Steve Saunders Goldwing Forums banner

Status
Not open for further replies.
1 - 8 of 8 Posts

·
Premium Member
Joined
·
537 Posts
Discussion Starter #1
imported post

Can anyone tell me how much voltage it takes to operate a headlight [ quartz bulb] 12 V 60/55 W ? While riding my 1987 1200A will show only 12V. If I pull the fuse for it, the voltage goes up to 14 V plus. Is this right?

Thanks guys Alski
 

·
Premium Member
Joined
·
700 Posts
imported post

If I understand your question, then here's an answer. The headlight takes about 11-14 volts - but that isn't really what your voltmeter is reflecting. If I understand how the voltmeter on the Wing works, what it's really showing is the amount that your system is charging to. So, the headlight pulls a lot of current (5 amps, right?), so when you pull its fuse, the system devotes that amount of power back to charging the battery.

Mine will hit 12 at lights, sometimes lower, but will pull about 14 at highway speeds.

I'm sure you'll get more answers about how much charge you should be showing....

Jack
 

·
Premium Member
Joined
·
2,491 Posts
imported post

alski425 wrote:
Can anyone tell me how much voltage it takes to operate a headlight [ quartz bulb] 12 V 60/55 W ? While riding my 1987 1200A will show only 12V. If I pull the fuse for it, the voltage goes up to 14 V plus. Is this right?

Thanks guys Alski
Alski,


12 volts @ 55 watts = 4.58 amps
14 volts @ 55 amps = 3.92 amps

12 volts @ 60 amps = 5 amps
14 volts @ 60 amps = 4.2

Your charging system runs around 0 amps into the battery at base idle & maybe 3-5 amps at 3000-4000 RPM’s .. With the cooling fan & lights running at 1000 RPM idle you will be lucky to have 12-12.4 volts at idle.. Traveling down the road at 3000+ RPM’s you should show between 14 & 15 volts system voltage with probably around 1-5 amps into the battery depending on battery state of charge.

Twisty
 

·
Premium Member
Joined
·
537 Posts
Discussion Starter #4
imported post

Uh huh! thats why me and electricity [that stuff u cant see] dont get along. I have done most everything mechnical but that electricity I just dont know. thanks everybody. I,m still in the "dark".

Alski
 

·
Premium Member
Joined
·
4,882 Posts
imported post

I think twisty is trying to remind us of ohms law... If I remember it right you put your legs in the lotus postion , hands on knees with palms up, look serene and say ohm very slowly
 

·
Premium Member
Joined
·
537 Posts
Discussion Starter #6
imported post

To ohm it may concern. An ohm is not a volt.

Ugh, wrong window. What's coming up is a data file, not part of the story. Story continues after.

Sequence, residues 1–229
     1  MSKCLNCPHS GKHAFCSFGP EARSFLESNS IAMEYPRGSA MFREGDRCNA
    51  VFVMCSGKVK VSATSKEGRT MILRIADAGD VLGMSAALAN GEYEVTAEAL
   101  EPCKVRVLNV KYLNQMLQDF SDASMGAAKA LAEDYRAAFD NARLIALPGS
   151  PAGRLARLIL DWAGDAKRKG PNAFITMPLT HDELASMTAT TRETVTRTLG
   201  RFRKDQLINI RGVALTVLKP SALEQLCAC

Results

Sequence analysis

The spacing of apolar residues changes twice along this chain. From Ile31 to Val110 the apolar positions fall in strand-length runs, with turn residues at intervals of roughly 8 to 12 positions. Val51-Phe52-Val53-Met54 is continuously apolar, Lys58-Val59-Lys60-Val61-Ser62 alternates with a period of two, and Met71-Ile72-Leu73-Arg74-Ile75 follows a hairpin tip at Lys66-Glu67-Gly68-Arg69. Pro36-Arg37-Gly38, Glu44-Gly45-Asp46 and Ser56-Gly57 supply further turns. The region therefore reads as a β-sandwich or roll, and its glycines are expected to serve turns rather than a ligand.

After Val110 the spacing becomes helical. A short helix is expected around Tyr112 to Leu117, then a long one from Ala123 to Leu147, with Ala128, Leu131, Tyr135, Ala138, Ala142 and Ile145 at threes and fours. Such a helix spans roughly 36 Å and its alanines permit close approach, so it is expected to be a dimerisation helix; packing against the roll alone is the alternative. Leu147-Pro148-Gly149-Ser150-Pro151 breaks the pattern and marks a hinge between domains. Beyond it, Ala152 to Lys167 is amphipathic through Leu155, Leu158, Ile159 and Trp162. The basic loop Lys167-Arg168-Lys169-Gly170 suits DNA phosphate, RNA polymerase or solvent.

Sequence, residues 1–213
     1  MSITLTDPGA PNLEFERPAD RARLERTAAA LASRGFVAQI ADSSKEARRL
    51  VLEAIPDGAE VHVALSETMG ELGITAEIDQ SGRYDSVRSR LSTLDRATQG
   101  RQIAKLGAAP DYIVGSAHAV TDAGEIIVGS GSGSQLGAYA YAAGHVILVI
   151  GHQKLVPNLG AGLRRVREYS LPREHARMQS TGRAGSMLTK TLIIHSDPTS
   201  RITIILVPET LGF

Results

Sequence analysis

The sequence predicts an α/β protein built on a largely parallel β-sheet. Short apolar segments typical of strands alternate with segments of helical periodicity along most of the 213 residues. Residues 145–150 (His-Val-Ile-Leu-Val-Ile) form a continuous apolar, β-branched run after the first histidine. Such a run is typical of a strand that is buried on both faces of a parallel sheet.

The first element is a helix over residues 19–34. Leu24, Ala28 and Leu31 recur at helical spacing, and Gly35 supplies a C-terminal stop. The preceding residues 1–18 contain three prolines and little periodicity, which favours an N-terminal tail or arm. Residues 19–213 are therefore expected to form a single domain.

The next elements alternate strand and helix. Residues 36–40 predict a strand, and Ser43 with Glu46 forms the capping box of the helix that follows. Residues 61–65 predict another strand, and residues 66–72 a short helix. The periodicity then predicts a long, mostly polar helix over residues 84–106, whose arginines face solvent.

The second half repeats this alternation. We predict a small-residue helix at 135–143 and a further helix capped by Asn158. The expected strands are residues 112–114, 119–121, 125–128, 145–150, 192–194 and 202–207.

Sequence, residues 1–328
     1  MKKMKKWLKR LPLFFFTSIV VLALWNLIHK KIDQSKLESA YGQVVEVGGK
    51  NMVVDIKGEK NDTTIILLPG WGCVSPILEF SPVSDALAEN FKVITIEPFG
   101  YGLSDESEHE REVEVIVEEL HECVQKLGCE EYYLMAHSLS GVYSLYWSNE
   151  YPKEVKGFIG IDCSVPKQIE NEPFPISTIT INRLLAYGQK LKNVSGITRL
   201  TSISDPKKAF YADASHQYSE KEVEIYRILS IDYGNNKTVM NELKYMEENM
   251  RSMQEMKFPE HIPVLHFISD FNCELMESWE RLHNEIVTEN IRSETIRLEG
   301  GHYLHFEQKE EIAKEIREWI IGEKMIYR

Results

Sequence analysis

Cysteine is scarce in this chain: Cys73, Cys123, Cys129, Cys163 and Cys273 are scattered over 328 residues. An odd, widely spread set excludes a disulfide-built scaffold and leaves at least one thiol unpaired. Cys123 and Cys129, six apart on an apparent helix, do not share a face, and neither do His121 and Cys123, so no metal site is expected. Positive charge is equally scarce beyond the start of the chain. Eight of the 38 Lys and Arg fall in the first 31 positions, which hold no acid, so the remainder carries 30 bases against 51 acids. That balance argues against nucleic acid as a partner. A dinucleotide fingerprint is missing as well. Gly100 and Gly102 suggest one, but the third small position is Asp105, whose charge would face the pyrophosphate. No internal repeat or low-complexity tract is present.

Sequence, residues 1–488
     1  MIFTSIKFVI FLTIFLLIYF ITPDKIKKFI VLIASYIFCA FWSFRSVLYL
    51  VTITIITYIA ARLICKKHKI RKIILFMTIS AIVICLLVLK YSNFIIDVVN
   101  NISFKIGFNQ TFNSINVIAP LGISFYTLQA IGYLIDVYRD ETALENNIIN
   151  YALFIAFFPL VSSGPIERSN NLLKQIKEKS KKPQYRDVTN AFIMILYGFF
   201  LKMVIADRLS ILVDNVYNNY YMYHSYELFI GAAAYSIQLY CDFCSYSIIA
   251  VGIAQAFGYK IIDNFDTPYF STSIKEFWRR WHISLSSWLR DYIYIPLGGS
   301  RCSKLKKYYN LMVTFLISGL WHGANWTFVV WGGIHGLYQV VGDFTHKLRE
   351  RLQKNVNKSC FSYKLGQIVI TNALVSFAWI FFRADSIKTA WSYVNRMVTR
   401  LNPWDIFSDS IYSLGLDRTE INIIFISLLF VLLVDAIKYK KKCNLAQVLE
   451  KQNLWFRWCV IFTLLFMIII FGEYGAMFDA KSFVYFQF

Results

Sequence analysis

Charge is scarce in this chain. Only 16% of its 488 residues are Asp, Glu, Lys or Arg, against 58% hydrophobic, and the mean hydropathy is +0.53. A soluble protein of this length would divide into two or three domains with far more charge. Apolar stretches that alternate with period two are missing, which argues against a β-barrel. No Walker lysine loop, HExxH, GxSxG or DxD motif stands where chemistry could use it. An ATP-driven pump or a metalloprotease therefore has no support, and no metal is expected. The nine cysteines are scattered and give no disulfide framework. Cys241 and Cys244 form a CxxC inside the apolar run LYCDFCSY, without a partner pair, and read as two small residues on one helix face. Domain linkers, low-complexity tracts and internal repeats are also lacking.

Alski
 

·
Premium Member
Joined
·
2,491 Posts
imported post

alski425 wrote:
To ohm it may concern. An ohm is not a volt.

Alski

Alski, when working with ~lectricty it helps to think in terms of water believe it or not..
Volts would be water pressure & Amps would be water volume (amount)..
Think in terms of a garden hose-- You need BOTH pressure (water pressure) & flow (gallons per minute) to water your lawn.. If you have lots of pressure but not much flow it won’t water very much & if you have lots of flow but no pressure it won’t go very far from the end of the hose..

It’s the same with those little electrons that like to travel through your wires. They need both pressure & flow (volts & amps)..
Do to battery design, wire size requirements, charging system capacity most motorcycles & automobiles use a standard voltage of 12 volts DC (actually 12.6 or so to be exact).. Problem is, you can’t re-charge a lead acid motorcycle battery at the same voltage it operates at so most charging systems operate at some where’s around 14-15 volts.. That also means the bike is operating at that same 14-15 volts when the engine is running at normal road speed.. Now voltage alone won’t light a light or operate an ignition coil, it also takes a certain amount of flow (amps) to maintain that 14-15 volts to a headlight (etc) when it is using the power.. So you need both the operating volts & the amps (flow) to make a light light, or a motor motor. A combination of the volts & amps is the Watts rating you see things rated at.


On your motorcycle, the charging system produces somewhere around 36 amps at 14-15 volts (that’s at probably 4000 engine RPM’s+).. Once all your lights & accessories are on & using power they probably use up close to 30 or more of those amps (flow) so that only leaves a few extra amps to flow to the battery. Now if your engine is running at 2000 RPM’s the charging system probably only produces 20-25 amps (a guess here).. If you still have all those lights, cooling fan, brake lights, radio, etc. on you are still using 30 or so amps, but your bike is only producing 20-25 amps.. To keep all those accessories operating the remainder of the amps must flow back out of the battery into the bikes electrical system.. Any time you are using more power than you can make the (bike’s) system voltage starts to drop do to old mr. Ohm’s law so that is what you see in your voltmeter reading..


Ask all the questions you want to here & some of us willtry to try to answer them for you..


Twisty
 

·
Premium Member
Joined
·
4,882 Posts
imported post

amps = watts/volts therefore a 36 amp light on a 12 volt system = 3 amps

never could get my legs into that @#%%@# lotus position

a 12V 60/55 W bulb takes.... 12 volts however at 60 watts it draws 5 amps

if all of your accesories , lights etc, draw more amps than the alternator is producing you will draw the needed power from the battery. as the battery discharges its voltage drops. when you disconnect something and the system is drawing less than the alternator produces, the voltage goes back up (and the battery re-charges).
 
1 - 8 of 8 Posts
Status
Not open for further replies.
Top